To the untrained eye, they may look and sound like normal wasps, but the larger hornet seems to be creating a buzz in the homes and gardens around the UK at the moment.
The Insect Identification Service (IIS) at the Natural History Museum is receiving unprecedented enquires from the public about the insect. Most people are concerned that they are seeing the giant Oriental hornet or the Asian 'killer' hornet, probably due to recent media attention these species have received.
But this is not the case. 'What people are seeing are queens of our native European hornet, Vespa crabro , our largest species of social wasp ' says Stuart Hine, manager of the IIS. 'Queen hornets are formidable looking insects with a body length of up to 5cm .'
'In the UK, emerging queens are not usually seen until about early-mid May,' explains Stuart. 'However, the unseasonable mild spring we have experienced this year appears to have roused them from their slumber earlier with the first sightings in early March.'
Although distributed throughout much of the UK, the hornet has traditionally been an insect of forests, woods and open countryside and rarely seen outside of these habitats.
'However, in the last five years a succession of mild winters has clearly suited this wasp and it has increasingly been observed in towns and cities,' Stuart adds.
The queens are the sole survivors of nests of the previous year. They hibernate in rotten or hollow trees, sheds, outbuildings, roof spaces and other similar places.
The nests of V. crabro usually only contain hundreds of individuals, whereas other social wasp species commonly contain several thousand.
Despite their intimidating size and rattling sound, V. crabro tends to behave less aggressively than other social wasps and is certainly less prone to attack and sting. The queen is actually larger in size than the Asian hornet.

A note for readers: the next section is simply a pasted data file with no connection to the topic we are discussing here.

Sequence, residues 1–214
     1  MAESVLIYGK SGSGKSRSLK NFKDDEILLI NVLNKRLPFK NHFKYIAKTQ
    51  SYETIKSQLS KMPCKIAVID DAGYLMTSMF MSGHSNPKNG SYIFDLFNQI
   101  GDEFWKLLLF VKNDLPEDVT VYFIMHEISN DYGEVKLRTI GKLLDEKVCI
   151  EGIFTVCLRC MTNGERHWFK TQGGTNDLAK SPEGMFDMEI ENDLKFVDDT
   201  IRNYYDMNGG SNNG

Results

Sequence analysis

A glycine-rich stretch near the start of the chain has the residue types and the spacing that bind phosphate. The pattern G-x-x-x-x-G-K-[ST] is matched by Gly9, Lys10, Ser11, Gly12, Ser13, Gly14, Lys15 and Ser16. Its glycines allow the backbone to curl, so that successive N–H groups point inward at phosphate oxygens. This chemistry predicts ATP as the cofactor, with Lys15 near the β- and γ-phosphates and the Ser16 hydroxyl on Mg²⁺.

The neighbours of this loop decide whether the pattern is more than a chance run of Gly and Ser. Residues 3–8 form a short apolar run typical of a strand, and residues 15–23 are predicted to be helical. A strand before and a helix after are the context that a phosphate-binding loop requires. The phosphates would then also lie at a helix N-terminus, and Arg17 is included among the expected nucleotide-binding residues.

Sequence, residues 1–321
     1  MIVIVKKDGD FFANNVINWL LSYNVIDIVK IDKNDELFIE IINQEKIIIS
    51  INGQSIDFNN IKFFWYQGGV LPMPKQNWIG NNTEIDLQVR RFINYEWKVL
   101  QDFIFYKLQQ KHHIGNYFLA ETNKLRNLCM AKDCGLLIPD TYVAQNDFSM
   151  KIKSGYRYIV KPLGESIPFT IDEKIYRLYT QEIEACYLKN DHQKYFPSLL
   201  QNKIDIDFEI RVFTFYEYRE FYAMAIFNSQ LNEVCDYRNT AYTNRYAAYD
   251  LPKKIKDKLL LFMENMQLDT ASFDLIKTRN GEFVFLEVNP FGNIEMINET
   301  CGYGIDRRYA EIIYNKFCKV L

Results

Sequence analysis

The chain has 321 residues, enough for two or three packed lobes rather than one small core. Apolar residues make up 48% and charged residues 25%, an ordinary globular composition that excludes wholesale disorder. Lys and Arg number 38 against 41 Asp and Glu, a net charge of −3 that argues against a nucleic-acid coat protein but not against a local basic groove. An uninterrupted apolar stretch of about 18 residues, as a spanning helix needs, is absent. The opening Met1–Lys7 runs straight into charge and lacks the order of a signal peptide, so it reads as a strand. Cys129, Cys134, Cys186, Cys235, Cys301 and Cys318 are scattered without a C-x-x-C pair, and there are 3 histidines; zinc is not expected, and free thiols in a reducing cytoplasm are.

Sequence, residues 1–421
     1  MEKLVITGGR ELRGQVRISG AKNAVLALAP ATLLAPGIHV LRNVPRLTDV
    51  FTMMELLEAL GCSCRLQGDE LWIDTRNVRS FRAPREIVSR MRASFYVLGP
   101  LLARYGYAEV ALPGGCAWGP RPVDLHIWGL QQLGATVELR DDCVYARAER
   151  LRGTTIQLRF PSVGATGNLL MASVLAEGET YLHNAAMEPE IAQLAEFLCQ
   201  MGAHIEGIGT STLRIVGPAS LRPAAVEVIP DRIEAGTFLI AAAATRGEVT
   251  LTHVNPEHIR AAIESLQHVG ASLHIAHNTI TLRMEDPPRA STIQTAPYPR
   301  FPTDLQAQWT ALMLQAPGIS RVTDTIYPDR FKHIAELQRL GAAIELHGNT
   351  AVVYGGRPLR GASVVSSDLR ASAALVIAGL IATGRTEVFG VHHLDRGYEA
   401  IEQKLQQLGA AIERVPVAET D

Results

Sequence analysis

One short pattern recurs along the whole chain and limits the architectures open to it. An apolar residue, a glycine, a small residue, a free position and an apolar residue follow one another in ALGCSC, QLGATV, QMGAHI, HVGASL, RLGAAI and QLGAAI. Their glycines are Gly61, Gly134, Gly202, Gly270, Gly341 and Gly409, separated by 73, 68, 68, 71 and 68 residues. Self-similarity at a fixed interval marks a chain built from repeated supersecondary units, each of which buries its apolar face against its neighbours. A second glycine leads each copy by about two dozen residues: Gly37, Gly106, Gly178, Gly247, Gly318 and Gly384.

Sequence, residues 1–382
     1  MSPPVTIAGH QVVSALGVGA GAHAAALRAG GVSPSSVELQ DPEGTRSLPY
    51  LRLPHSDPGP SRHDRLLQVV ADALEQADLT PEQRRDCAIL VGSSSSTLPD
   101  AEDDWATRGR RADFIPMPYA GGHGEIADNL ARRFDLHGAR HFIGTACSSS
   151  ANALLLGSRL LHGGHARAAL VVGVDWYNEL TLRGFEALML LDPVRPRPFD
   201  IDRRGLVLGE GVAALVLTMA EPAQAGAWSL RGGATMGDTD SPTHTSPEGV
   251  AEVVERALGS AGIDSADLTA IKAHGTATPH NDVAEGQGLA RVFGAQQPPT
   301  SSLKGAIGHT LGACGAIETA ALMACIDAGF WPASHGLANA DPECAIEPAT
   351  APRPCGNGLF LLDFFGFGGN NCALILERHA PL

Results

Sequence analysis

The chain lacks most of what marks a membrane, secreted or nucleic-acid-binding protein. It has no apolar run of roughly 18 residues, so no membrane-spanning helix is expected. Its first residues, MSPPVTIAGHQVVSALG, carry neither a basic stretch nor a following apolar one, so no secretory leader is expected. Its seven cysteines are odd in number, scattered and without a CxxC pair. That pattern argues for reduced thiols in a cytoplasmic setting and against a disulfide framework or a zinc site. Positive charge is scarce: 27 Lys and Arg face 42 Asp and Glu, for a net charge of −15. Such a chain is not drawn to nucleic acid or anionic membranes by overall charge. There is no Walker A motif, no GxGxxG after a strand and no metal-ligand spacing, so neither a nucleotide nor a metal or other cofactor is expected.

The sting of V. crabro is said to be no worse than other species of social wasp despite their size. It is used as defence but is principally used to immobilise their insect prey, which are macerated (chewed up and made soft) and fed to the hornet larvae.
As predators, hornets help to control numbers of other more prolific insects. Like other social wasps they are considered a gardeners friend by predating a large variety of adults and larvae of insects that are considered pests of fruits, vegetables, plants and shrubs.
In 2004, the Asian hornet was accidentally introduced into southern France with imported goods. Reports in France raise concerns about the aggressiveness of this species of hornet, which certainly appears to be true where it is found in Asia, where it is quite feared. It also readily attacks and feeds on honeybees, thus threatening the livelihoods of beekeepers in southern Europe.
This species has been increasing in numbers and range over the last three years. 'However,' adds Stuart, 'it is certainly a long way off arriving in the UK - though with the predicted increase to European temperatures in 10-15 years time, this may be possible'.
A recent BBC documentary has brought the Oriental hornet to the attention of the UK public. 'V. mandarina is a much larger species than our native hornet, up to 7cm in length,' says Stuart.
'This is, at present, confined to Japan and surrounding areas and will not be making an appearance in the UK in the near future'.